In the past month, major banks have taken drastic steps to save both reputation and fend off attacks from competitive markets. Alison Rose, the current head of the Royal Bank of Scotland, has said the New Year has brought with it a new set of challenges.
The RBS honcho recently claimed that the bank needs to shift its focus to its digital branch Bo as it plans to elevate it in the midst of a revamp. Rose added that the current watch needs to be conducted due to the issues related to the NatWest Markets.
Bo works as the digital arm of the bank with its Chief Executive Officer Mark Bailie set to quit this coming week. In the recent time frame, Bo has had to issue 6000 customer cards to ensure that they comply with newer regulations on the digital finance front.
With Alison Rose now heading the company, shareholders have projected a renewed interest in digital commerce. This comes after issues were raised about Bo since its launch three months ago. A source close to RBS added:
“Bo remains a key part of the bank’s innovation strategy, along with other brands we have launched such as Mettle and Tyl. We are focusing on the areas where we can have the biggest positive impact on our customers.”
Despite the hype created by RBS, financial experts have yet to give it a solid thumbs up. They feel that Bo has a lot of ground to cover before it can make a significant impact on the financial industry. Vincent Vinatier, a porfolion manager at AXA Framlington opined that RBS was not even on his radar. He admitted that Bo did not rank very high in the fintech list as well.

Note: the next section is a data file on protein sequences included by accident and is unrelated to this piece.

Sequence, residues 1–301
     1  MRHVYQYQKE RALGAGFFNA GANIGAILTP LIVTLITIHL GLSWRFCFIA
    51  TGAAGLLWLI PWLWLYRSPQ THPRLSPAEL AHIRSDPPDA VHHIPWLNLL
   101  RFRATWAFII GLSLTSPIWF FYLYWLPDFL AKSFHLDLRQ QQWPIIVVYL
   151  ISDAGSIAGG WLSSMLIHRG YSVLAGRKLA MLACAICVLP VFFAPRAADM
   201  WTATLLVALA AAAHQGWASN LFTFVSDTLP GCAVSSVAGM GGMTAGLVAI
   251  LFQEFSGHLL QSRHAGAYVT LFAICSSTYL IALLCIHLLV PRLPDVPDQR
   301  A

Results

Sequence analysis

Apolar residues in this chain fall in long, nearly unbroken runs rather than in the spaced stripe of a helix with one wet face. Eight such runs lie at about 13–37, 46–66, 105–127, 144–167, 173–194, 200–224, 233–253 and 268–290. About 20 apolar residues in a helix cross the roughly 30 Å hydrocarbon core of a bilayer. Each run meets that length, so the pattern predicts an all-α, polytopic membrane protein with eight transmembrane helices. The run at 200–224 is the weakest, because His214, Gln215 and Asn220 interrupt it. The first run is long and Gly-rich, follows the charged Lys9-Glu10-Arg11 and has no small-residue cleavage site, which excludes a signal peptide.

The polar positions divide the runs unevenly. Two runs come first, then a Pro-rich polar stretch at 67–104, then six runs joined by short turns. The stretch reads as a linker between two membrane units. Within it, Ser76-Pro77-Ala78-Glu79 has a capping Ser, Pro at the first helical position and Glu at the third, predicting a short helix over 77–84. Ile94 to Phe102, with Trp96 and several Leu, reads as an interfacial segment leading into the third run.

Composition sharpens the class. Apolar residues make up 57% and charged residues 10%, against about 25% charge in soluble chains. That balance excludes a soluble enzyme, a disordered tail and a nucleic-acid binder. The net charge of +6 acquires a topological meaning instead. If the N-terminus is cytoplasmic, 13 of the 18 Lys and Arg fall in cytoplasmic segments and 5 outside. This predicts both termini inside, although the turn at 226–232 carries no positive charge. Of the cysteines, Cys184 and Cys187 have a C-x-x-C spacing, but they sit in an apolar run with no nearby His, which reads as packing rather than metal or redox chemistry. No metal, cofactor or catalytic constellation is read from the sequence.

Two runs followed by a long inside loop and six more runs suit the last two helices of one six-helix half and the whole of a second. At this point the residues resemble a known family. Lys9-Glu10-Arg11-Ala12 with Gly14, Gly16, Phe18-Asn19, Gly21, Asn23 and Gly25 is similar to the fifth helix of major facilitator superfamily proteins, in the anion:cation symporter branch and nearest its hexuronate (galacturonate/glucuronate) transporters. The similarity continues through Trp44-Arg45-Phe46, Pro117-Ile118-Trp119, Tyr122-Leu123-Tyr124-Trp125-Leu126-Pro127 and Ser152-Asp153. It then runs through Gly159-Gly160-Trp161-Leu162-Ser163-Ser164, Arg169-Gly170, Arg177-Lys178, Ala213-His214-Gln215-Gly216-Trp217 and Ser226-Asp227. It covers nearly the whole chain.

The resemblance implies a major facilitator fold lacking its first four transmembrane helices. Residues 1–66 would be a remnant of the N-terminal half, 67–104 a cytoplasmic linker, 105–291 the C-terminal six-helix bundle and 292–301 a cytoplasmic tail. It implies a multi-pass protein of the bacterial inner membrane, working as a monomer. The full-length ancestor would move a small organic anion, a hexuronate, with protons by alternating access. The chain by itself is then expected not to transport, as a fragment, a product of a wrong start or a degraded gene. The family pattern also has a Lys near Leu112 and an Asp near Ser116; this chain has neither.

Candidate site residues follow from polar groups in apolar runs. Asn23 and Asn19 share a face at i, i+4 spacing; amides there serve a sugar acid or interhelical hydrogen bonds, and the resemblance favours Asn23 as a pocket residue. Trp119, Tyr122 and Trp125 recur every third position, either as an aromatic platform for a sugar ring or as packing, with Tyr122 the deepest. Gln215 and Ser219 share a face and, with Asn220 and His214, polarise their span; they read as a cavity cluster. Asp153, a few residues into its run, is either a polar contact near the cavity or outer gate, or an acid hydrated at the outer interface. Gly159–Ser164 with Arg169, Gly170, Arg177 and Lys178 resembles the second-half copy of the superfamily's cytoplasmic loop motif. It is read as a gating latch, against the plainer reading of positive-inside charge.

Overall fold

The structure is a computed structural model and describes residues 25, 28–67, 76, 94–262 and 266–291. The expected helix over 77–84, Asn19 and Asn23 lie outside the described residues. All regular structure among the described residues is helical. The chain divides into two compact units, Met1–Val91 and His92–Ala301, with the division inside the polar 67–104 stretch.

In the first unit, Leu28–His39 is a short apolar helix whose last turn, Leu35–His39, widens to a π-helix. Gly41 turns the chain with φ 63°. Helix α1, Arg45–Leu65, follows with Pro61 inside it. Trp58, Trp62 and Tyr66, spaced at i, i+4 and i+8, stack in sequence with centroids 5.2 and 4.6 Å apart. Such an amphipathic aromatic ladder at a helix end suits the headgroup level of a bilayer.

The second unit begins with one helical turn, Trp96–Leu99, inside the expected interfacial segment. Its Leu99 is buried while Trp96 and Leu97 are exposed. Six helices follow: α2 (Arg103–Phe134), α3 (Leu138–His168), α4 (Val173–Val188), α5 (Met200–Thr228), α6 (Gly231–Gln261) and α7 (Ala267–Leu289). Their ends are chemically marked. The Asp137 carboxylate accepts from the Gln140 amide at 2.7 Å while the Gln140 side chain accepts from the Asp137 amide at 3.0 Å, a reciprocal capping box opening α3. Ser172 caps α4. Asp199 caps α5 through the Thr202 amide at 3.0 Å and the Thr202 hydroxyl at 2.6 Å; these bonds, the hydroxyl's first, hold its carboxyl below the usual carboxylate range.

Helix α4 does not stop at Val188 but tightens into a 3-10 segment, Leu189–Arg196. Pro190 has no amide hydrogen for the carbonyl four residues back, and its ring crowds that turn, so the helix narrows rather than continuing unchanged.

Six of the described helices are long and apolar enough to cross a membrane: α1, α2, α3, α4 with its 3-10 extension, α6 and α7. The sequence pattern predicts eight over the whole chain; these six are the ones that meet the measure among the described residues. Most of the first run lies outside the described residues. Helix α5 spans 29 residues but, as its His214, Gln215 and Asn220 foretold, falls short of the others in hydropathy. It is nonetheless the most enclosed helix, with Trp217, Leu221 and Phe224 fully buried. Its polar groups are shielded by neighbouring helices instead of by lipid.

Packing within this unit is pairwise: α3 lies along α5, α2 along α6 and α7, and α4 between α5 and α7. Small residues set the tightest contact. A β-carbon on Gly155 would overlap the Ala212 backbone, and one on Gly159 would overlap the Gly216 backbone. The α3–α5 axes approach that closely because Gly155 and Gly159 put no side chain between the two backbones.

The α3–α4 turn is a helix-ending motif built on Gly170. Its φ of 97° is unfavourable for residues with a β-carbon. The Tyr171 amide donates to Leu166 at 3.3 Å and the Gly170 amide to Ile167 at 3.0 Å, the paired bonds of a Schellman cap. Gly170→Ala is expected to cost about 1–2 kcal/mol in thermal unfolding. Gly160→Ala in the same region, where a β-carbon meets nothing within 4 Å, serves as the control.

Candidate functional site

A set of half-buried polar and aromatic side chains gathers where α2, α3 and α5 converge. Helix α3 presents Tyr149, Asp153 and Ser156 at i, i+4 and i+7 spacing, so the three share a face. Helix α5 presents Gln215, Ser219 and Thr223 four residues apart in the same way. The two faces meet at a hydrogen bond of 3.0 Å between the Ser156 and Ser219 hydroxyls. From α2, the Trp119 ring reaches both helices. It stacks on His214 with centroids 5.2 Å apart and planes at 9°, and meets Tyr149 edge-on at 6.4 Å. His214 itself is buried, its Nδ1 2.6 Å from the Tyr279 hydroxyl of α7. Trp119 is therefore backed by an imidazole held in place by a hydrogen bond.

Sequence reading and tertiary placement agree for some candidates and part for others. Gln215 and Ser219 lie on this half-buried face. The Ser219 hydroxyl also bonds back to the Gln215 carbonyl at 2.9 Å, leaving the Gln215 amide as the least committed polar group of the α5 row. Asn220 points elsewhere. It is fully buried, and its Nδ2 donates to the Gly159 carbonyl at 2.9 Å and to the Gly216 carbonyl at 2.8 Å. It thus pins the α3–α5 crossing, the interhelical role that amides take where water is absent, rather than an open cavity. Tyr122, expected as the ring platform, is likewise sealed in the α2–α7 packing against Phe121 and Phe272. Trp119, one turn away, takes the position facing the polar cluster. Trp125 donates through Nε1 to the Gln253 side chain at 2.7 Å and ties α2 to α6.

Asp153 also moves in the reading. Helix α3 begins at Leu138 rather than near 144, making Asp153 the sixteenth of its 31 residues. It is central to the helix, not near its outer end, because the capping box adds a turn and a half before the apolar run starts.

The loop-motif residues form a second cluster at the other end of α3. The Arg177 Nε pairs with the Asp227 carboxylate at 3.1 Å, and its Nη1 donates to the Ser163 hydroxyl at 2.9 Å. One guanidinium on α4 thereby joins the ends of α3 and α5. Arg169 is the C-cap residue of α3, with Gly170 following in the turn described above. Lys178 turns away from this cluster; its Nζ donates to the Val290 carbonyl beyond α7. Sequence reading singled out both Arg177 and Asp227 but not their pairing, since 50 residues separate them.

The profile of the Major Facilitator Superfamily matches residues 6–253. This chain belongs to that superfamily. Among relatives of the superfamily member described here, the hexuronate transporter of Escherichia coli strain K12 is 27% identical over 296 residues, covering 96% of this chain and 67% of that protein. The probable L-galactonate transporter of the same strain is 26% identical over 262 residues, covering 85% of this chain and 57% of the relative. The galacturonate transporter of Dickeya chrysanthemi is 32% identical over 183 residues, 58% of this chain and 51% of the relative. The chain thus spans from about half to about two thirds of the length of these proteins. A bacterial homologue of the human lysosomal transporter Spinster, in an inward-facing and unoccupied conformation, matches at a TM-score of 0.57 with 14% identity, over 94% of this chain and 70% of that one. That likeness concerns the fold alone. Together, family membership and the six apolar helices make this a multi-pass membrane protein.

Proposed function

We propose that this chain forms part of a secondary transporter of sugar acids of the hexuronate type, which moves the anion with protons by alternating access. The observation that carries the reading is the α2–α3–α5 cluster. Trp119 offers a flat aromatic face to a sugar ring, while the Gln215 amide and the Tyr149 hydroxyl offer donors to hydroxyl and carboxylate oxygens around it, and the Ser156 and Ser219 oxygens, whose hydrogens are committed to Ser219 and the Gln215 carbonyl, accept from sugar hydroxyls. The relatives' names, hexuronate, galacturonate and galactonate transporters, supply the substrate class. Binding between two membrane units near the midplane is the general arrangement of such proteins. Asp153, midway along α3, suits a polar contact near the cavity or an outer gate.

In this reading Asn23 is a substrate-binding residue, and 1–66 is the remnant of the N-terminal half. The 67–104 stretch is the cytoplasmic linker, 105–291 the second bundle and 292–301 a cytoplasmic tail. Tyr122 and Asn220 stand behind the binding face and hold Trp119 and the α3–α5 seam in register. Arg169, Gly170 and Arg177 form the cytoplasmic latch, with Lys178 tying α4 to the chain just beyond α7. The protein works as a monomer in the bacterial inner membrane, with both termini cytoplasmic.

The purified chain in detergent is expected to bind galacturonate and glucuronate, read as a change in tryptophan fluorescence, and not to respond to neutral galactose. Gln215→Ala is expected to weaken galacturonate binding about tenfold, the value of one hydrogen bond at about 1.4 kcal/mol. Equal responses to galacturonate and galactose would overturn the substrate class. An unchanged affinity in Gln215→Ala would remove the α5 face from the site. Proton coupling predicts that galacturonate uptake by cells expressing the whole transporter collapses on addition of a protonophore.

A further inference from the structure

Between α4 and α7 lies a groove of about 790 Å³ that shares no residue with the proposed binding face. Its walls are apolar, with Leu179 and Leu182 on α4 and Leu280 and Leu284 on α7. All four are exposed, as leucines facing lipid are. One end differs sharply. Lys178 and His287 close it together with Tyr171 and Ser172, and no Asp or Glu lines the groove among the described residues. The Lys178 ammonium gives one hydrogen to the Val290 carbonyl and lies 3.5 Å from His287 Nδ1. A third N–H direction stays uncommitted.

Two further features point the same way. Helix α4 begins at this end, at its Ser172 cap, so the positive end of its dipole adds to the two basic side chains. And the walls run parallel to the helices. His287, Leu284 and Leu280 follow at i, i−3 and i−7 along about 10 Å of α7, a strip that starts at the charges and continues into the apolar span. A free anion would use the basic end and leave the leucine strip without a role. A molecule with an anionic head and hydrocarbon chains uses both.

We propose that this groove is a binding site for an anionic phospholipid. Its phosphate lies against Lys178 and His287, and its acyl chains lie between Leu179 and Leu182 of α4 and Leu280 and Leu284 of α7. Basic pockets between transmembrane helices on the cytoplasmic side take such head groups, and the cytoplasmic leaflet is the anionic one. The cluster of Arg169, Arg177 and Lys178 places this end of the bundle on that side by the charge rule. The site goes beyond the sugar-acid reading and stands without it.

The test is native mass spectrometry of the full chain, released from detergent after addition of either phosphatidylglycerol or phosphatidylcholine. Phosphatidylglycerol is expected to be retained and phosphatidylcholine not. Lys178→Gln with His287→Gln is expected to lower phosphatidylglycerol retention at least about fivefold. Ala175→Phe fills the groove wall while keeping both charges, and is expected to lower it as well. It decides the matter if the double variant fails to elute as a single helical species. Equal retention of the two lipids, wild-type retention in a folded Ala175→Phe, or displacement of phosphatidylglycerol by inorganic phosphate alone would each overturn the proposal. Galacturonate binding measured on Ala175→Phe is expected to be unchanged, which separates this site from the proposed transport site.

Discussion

Many proponents of the fintech space have admitted that the real key challenge was to keep customers with the main bank brand ie. RBS. Bo has functioned as an attractive model for RBS and at the same time has not resulted in major losses for the company. Some others believe that the digital bank’s functionality was on the road to improvement while making the industry more competitive.
At the moment, Bo was seen as a savings tool for current customers. Analysts were open when stating that Bo does not compare with existing tools in the market. Some have reported that customers see Bo as just an extension tool and not just a mainstream feature. Another investor stated:
“These new competitors are not yet gaining a great deal of traction as main accounts for many customers – many seem to be using them for specific limited purposes and retaining current accounts with the big incumbents.”
The last time RBS was in the news was when the bank ordered its customers to shred their cards to comply with EU rules. The reissued cards come with multiple capabilities such as chip and pin transactions.